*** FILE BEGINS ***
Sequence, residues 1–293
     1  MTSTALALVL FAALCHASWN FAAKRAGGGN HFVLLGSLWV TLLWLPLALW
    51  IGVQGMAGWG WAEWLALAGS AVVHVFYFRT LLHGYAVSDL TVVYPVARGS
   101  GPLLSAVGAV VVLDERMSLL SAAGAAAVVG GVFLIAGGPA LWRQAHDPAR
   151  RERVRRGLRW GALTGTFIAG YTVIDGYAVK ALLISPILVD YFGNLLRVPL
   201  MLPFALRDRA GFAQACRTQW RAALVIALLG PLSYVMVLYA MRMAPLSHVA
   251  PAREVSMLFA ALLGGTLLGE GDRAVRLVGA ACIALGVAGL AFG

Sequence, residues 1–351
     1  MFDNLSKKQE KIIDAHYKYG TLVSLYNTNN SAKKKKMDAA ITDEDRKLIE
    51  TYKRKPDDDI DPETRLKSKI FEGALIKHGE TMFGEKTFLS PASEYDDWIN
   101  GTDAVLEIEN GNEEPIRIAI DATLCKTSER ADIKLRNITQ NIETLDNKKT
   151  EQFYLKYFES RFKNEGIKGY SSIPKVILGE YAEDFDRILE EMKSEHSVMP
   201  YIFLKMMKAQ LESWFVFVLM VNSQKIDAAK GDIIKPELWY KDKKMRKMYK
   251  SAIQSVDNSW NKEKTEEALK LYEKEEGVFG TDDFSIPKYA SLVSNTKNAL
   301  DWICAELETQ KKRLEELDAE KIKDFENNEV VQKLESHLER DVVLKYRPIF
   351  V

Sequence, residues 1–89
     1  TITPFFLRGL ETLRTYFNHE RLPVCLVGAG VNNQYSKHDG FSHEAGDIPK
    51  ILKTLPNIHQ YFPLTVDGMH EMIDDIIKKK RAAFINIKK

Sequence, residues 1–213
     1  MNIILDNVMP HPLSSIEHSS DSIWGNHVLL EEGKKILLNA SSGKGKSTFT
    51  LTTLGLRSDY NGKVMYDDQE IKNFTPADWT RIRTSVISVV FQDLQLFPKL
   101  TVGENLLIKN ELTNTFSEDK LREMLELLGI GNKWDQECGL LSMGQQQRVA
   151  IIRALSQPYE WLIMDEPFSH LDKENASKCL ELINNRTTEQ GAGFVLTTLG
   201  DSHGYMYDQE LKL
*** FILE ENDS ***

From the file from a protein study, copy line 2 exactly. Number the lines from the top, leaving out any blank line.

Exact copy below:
     1  MTSTALALVL FAALCHASWN FAAKRAGGGN HFVLLGSLWV TLLWLPLALW